14    32
    32    77

However, if you want to multiply corresponding elements of two matrices, then you do an array multiply using the .* symbol.
>> a = [1 2 3 4; 5 6 7 8]; b=[2 2 2 2; 3 3 3 3];
>> c=a .* b
c =

     2     4     6     8
    15    18    21    24

Discussion on matrix "division" using the / symbol for matrices is postponed till later.

Solving systems of linear equations in Matlab

To solve the set of equations
a1 x + b1 y + c1 z = d1
a2 x + b2 y + c2 z = d2
a3 x + b3 y + c3 z = d3

we set this up as a matrix equation of the form
P U = Q
P = [a1 b1 c1; a2 b2 c2; a3 b3 c3]
U = [x; y; z]
Q = [d1; d2; d3]

The solution of this system of equations is U = P-1 Q; this is accomplished in Matlab using
>> U = inv(P)*Q

or by using the backslash \ operator
>> U = P\Q


  1. Set up Mesh Current Equations in the form R I = V and solve for the mesh currents, I.
  2. Set up Node Voltage Equations in the form G V = I and solve for node voltages, V.
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 The for loop (very similar to C expression) is a simple command for setting up a loop. Example:

>> for i = 1:10;
>> a(i) = i*i;
>> end
>> a
a =

     1     4     9    16    25    36    49    64    81   100

All statements between the for and the end statements will be executed as per the command specifications. Example of a for loop where the increment is not 1 would be >> for i = 1:3:20; ..... etc.
Type in
>> help for
for more details.

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 The plot command is used for generating 1-D (functions of one variable) plots. Do >> help plot for complete details. Let's make a graph of y = sin(x), for x on the interval x=0, to x = 10.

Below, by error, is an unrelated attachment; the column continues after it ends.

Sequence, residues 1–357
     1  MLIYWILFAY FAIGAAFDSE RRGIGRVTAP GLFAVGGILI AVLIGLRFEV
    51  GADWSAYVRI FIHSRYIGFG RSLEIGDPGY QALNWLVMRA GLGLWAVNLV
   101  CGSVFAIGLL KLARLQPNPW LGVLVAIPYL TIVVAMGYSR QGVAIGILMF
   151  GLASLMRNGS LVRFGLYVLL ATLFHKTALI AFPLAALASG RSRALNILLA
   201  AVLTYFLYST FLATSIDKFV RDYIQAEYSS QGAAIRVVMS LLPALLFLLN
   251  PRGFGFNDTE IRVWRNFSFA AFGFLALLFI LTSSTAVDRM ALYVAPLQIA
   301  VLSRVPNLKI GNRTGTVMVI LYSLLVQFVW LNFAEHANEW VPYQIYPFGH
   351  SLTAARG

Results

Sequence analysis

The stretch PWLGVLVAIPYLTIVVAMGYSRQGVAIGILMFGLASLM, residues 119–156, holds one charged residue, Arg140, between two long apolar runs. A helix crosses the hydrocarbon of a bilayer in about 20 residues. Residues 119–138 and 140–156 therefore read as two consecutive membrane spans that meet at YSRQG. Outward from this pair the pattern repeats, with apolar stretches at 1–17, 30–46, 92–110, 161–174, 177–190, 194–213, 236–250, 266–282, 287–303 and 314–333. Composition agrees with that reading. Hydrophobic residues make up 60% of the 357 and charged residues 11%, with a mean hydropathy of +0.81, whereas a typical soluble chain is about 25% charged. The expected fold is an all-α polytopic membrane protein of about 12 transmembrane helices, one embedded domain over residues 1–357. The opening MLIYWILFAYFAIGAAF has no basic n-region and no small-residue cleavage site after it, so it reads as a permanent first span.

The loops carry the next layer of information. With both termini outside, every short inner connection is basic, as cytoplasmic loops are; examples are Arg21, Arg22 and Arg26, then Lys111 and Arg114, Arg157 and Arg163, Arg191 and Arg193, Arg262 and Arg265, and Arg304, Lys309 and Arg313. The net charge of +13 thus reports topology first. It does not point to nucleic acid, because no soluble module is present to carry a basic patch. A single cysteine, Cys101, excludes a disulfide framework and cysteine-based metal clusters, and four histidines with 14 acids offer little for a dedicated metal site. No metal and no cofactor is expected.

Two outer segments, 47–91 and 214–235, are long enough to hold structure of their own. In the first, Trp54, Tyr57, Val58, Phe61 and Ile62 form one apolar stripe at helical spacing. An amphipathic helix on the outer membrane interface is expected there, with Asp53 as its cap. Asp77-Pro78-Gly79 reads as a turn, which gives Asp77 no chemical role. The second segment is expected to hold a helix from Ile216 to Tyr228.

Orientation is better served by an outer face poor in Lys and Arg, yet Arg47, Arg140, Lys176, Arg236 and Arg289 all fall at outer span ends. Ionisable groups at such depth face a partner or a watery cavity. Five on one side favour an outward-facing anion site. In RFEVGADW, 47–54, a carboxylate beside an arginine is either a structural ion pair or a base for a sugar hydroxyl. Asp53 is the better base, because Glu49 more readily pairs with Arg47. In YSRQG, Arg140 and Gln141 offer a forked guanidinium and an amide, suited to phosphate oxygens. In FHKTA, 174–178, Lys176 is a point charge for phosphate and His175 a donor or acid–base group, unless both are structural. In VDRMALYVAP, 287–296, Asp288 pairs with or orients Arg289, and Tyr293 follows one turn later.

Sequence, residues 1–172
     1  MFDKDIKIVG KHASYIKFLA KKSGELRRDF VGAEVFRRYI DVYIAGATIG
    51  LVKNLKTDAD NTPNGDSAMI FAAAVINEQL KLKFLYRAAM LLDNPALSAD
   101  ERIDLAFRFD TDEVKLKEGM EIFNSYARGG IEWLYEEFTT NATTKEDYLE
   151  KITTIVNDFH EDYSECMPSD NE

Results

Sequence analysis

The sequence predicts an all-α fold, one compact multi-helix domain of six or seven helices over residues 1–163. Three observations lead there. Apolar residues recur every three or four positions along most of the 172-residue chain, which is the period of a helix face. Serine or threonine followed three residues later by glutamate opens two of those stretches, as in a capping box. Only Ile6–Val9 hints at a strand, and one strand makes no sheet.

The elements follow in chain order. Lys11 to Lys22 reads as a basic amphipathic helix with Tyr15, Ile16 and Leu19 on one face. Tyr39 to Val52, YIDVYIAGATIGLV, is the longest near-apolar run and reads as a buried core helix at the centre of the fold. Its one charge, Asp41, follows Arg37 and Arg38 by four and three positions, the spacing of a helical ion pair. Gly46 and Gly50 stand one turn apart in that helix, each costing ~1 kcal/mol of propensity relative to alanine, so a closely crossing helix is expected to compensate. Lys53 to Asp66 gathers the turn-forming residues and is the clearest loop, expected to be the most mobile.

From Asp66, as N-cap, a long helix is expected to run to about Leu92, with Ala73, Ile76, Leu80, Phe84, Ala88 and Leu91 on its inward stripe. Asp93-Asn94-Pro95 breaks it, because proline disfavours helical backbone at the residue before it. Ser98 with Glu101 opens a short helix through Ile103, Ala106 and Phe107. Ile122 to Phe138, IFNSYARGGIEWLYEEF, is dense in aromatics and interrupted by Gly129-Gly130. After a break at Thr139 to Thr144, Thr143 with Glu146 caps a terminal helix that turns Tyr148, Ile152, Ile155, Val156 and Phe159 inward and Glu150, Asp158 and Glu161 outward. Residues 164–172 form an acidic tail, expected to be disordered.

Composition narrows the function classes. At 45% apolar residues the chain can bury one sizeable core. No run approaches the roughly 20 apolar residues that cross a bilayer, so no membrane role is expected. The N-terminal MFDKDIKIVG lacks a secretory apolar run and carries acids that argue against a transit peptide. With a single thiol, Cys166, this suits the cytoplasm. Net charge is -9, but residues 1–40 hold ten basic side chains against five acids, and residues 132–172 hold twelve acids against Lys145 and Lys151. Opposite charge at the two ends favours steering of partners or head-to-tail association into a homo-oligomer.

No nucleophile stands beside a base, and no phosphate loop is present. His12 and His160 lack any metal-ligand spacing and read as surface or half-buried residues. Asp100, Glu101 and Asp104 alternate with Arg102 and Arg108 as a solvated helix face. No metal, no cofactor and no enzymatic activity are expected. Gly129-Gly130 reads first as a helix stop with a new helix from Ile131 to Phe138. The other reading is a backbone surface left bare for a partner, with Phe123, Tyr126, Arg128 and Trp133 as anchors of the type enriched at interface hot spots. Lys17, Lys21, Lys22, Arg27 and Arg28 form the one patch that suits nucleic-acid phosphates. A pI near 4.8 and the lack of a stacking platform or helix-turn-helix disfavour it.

>> x = [0:0.1:10]; (here .1 is the increment)
>> y = sin(x); (notice how the sin function operates on each element of the entire row vector x, to generate a nother row vector y)
>> plot (x, y)

Surface or 2-D (functions of two variables) plots are generated using the surf command. More on that later.

To clear a plot, type in >> clg (clear graph)

To generate another plot window, do >> figure

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 You can print a plot using the Print Option under the File Menu in the Figure Window. The text in the Command Window is printed similarly.

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File Input/Output

The save and load commands are used for saving data to disk or loading data from disk, respectively.
To save values in a  matrix or vector, called, for instance, y, do:
>> y = [1 2 3 4; 5 6 7 8];
>> save y.txt y -ascii
The -ascii option ensures that the data is saved in ASCII form, so that it can be read by other programs - Word, Excel Notepad, Wordpad, etc. Examine the file y.txt using one of these programs. The file is generated in the working directory (remember this? If not click here).

An ASCII data file dat.txt can be loaded using
>> load dat.txt

This provides a variable called dat in the Matlab workspace. All manner of vector/matrix operations can be performed on dat, just like any other variable.

Do >> help save and >>help load for learning all the load/save options.

After you read the next section, click here for a fun Matlab project - generating music with Matlab!

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Executable files (m-files in Matlab)

Executable files in Matlab are generated by storing a list of Matlab commands  in a file given the extension .m
These files are called M-files. To create an M-file, use the New...M-file Option under the File Menu in the Command Window. Type in the following commands in the M-File Editor Window:
x = [0:0.1:10];
y = cos(x);
title('A plot of Cosine(x)')

Save the file using the Save Option under the File Menu in the M-File Editor Window. Call it, say, cosineplot.m. Now, to run this program in Matlab, move over to the Matlab Command Window and just type in >> cosineplot

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Remember, MATLAB IS EASY!!!!!